The design of the mech figures is really cool, and I love that they took the time to design different mechs for each faction. They’ve really worked hard to differentiate the factions in gameplay, and it’s details like this where it really shows. Also, when they designed the game, they differentiated between combat pieces and non-combat pieces by making the figures that can take part in combat out of plastic, while all of the pieces that have no direct effect on combat are made out of wood.
Again, I love the attention to detail and the effort put into differentiating the separate factions. The worker units are all shaped differently and wear different hats rather than just using standard meeples, which makes them all feel just a little bit special. (Plus, the blue Nordic faction’s workers look like tiny little garden gnomes, which is kind of amazing.)
One of the best parts of Scythe‘s design, in my opinion, is the player mats. Not only are they clearly marked, making it easy for players to see which options are available, but they’re made double thick and have indentions in them for specific pieces. This makes setup easier, but it also shows players who are taking the upgrade action which costs on the bottom can be removed. It’s another little detail that makes a big difference, and that’s where Scythe’s real strength lies—in the details.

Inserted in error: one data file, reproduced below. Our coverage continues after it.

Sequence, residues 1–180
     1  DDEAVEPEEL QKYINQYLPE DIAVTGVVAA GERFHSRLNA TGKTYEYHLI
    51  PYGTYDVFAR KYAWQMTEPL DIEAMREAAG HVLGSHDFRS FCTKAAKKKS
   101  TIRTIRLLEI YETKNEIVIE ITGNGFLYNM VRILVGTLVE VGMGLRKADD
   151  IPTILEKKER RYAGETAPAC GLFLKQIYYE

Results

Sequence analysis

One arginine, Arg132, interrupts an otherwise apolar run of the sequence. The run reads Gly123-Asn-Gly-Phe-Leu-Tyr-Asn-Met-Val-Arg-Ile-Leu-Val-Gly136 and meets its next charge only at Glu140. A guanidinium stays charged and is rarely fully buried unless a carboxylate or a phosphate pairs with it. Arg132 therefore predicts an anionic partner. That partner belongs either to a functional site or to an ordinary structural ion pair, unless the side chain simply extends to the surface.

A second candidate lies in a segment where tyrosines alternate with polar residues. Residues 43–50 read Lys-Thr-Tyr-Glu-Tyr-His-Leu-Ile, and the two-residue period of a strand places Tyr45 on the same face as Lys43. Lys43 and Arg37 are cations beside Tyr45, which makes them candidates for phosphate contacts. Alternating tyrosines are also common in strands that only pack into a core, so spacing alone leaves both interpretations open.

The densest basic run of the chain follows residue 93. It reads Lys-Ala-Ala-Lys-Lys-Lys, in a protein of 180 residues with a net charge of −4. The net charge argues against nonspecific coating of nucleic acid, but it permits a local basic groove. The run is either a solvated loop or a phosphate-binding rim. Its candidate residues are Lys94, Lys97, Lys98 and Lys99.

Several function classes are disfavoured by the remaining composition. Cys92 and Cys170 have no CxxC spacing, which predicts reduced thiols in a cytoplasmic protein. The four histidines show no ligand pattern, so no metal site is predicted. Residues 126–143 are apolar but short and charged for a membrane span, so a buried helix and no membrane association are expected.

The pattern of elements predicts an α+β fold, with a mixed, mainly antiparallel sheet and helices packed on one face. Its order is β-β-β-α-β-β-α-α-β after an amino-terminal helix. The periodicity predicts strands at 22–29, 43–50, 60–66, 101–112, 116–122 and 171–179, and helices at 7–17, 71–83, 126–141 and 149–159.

Setup Time (~8–10 minutes)/Play Time (2–4 hours)
Setup for this game is rather involved, considering all the pieces. I’ve timed it at about 8–10 minutes, but if you have a group that plays regularly, I can see that decreasing a bit as players become more familiar with the setup.
Scythe does come with a very handy container for all the plastic pieces, the insert for the box leaves much to be desired, considering all the tokens and wooden pieces. Fortunately, the box does include a gajillion (that’s a technical term) plastic bags, so you can organize things the way you want. Still, this is the sort of game where a quick-start insert is probably worth the investment.
I have played Scythe with 2 players and with 5 players. The 2-player version ended up taking just shy of 2 hours, but additional players do significantly add to that. At 5 players, we were pushing about 4 hours. I suspect that a group of seasoned players could take that down to somewhere between 3 and 3 1/2 hours.
The game also includes rules for a solo variant, but I haven’t tried it, so I can’t make any calls regarding length or quality.